Let me tell you about my favorite moment in Queenpins. It comes near the end of the movie, just after law enforcement arrests Connie Kaminski (Kristen Bell) and JoJo Johnson (Kirby Howell-Baptiste) for operating a $40 million coupon scheme.
A team of US postal inspectors led by Simon Kilmurry (Vince Vaughn) bust the crime duo. One of the inspectors, a man in full riot gear and equipped with some kind of assault rifle, examines their table of contraband. He picks up an illegal coupon for diapers and turns towards Kilmurry to tell him that he has a baby on the way. “I could use these,” he says, before sneaking one into his pocket so only the camera sees.
The scene ends with another officer grabbing a bag of Cheetos, one of many items the crime duo have “stockpiled” with their extreme couponing. He asks another man what they should do with the food. He responds, “What about it? It’s food. Leave it.” The officer shrugs, opens the bag, and eats. Many cannot dismiss food, and especially free food, so easily.
I’m not spoiling the movie by bringing you to the end. After all, a true story you may already have encountered inspired Queenpins. And the movie begins with law enforcement barging into Connie’s home as she sleeps and then works its way back from there. I mention the end here as a way to highlight what I appreciate most about the movie: the way it is funny without making coupons, and the people who need coupons, the butt of the joke.
Filmmakers Aron Gaudet and Gita Pullapilly make this intention clear from the outset. Both Connie and JoJo are unmoored and dissatisfied with their lives. Connie is stuck in an unhappy marriage to a mean and miserable IRS agent (Joel McHale). She wants to have a child more than anything, and he resents her for spending all of their money on IVF treatments. JoJo lives with her mother (Greta Oglesby) and tries and fails to make it as an entrepreneur and influencer.
One of the few highlights of Conne and JoJo’s lives is the hours they spend together extreme couponing. Where their loved ones see a weird hobby, they see real savings and a sense of purpose. Even though they save thousands of dollars on items, everyone, including the cashiers at the supermarket they frequent, thinks they’re crazy and wasting their time. It’s a viewpoint only someone who never had to worry about money might take.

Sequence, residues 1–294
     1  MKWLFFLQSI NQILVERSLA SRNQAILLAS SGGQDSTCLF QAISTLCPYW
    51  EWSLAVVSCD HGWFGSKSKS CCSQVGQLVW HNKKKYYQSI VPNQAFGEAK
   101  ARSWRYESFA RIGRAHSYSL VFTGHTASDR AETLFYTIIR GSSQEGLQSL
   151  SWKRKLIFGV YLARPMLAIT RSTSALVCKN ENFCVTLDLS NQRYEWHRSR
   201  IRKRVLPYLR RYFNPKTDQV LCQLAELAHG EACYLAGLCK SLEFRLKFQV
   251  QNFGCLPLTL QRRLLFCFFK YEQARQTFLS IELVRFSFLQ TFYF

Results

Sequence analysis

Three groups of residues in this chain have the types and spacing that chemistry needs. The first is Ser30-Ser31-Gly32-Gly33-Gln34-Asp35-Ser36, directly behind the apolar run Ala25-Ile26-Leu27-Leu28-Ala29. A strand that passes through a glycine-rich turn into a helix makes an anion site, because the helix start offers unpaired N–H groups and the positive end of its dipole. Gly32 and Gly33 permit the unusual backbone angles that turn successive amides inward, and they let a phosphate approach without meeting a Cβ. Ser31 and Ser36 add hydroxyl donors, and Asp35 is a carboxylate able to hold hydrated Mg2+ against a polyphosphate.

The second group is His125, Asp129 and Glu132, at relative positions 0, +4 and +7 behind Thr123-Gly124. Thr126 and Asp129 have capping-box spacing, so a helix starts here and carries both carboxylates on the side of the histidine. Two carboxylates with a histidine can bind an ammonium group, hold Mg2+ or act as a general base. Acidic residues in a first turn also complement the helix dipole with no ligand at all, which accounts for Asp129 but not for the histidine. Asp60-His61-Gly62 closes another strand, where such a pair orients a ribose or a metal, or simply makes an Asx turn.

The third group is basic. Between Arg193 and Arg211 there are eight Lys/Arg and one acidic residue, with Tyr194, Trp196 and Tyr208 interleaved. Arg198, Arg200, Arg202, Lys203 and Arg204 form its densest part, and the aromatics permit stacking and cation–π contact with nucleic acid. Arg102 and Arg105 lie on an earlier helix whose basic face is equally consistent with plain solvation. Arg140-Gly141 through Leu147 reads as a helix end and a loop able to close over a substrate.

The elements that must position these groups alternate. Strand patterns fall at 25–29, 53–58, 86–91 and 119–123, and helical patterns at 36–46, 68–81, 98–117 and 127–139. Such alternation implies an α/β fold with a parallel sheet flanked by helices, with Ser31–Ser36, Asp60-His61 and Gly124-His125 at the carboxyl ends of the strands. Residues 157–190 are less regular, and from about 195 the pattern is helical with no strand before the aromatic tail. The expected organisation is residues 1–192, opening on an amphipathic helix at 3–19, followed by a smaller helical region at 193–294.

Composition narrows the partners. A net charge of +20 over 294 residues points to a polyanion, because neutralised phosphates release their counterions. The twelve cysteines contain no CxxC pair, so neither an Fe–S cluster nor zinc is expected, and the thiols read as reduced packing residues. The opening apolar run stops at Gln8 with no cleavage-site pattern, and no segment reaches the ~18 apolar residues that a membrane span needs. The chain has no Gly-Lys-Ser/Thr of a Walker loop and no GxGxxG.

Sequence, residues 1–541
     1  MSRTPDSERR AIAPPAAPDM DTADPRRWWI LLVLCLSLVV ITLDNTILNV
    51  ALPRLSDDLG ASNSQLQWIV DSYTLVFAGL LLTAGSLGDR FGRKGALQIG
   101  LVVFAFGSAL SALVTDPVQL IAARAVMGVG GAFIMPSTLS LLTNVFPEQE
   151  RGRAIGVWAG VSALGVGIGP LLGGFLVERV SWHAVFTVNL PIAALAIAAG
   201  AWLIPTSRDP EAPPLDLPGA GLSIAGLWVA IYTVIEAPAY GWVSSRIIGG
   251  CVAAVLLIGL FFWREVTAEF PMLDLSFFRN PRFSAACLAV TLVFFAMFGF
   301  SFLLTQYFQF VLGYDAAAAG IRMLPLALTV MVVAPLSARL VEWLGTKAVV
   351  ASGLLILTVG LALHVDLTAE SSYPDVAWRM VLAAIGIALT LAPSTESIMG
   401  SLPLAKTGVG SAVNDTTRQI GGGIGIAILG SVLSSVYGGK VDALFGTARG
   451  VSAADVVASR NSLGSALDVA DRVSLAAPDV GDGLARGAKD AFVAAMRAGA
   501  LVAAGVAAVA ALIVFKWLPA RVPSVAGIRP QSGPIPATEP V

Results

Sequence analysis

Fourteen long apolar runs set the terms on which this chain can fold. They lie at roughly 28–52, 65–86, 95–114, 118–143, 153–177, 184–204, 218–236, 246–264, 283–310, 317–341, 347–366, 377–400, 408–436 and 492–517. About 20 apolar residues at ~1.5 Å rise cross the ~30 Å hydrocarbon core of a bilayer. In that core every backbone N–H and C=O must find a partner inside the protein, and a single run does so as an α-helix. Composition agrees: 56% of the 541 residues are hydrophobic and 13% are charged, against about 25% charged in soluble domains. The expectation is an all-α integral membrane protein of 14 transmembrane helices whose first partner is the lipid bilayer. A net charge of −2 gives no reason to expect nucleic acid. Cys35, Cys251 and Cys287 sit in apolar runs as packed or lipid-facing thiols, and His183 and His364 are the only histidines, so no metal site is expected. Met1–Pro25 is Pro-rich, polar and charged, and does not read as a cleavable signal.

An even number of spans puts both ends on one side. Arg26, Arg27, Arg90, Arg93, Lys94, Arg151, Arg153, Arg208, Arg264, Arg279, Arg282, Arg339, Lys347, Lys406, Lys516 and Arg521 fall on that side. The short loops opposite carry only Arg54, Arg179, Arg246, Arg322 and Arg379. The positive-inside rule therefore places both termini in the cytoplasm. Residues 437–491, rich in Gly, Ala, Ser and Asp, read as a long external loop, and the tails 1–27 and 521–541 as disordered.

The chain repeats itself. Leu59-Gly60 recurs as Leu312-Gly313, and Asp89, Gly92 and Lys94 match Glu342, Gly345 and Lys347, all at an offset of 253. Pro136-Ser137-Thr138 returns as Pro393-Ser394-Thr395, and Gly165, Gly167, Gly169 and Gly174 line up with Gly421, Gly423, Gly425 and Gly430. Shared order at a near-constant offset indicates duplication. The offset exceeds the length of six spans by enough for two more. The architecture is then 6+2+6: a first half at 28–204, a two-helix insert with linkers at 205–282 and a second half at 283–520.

Connie and JoJo’s understanding of the value of coupons leads to the creation of their scheme. They know that after consumers redeem coupons, they are sent to a facility in Mexico to be destroyed. So, they travel to one of the facilities and partner with a pair of workers (a young couple with a baby on the way) to steal the coupons and resell them to unknowing customers in the United States. It’s a win for everyone but the corporations, who make billions of dollars anyway. At one point, JoJo likens their work to Robin Hood.
One other character in Queenpins understands the true value of a coupon. Ken Miller (Paul Walter Hauser), a loss prevention officer for a large supermarket chain, has seen dozens of counterfeit coupons. When we first meet him, he identifies an old woman’s coupon as fake and refuses to give her a discount. He’s the inverse of Connie and JoJo: a rule-follower protecting the pockets of the big guy. But like the two women, Ken finds little fulfillment in his life. He longs for more.
Because he takes coupons seriously, he sees what no one else does. After Connie and JoJo’s business takes off and corporations start losing millions of dollars, only thanks to Ken’s insistence does the case wind up in front of Agent Kilmurry. Though he finds Ken annoying, Kilmurry realizes his expertise and invites him to join the investigation. Ken, then, begins to feel a sense of purpose.
Queenpins never invites us to root against Connie and JoJo as their crime empire grows. Instead, we laugh at the expense of the wealthy people they screw over. And even when the women make questionable purchases with their new wealth, at least we know their customers, while technically defrauded, are profiting too.
As one woman says when asked why she purchased coupons, “Do you have any idea how many Cheerios a one-year-old goes through?” The joke then is that we live in a world where people are forced to buy and sell coupons to purchase basic items. The system, whatever you want to call it, is a joke. Coupons, certainly, are not.
At its best moments, Queenpins succeeds as a commentary on income inequality and the failures of capitalism. But the movie undermines itself at times by indulging in more sophomoric humor. One joke is that Ken is a virgin — really? And there were one too many scenes involving bodily fluids and waste for my liking. I enjoy a good joke about excrement as much as anybody, but they must be tasteful.
Despite all that, I enjoyed and laughed with Queenpins in no small part due to the performances. Bell, Hauser, and Howell-Baptiste are particularly strong. We root for each of them in our own way as we watch them grow. Near the end of the movie, Connie and JoJo bond over their shared understanding of why people coupon.
The satisfaction people feel comes not from money or owning more things, but the sense of purpose derived from seeing something through to the end. What is important, then, is not money in the bank or the things we own, but how we feel. It’s a mantra that, in the face of the world as it now exists, I can certainly get behind.
Queenpins hits theaters on September 10th and will be available to stream via Paramount+ on September 30th
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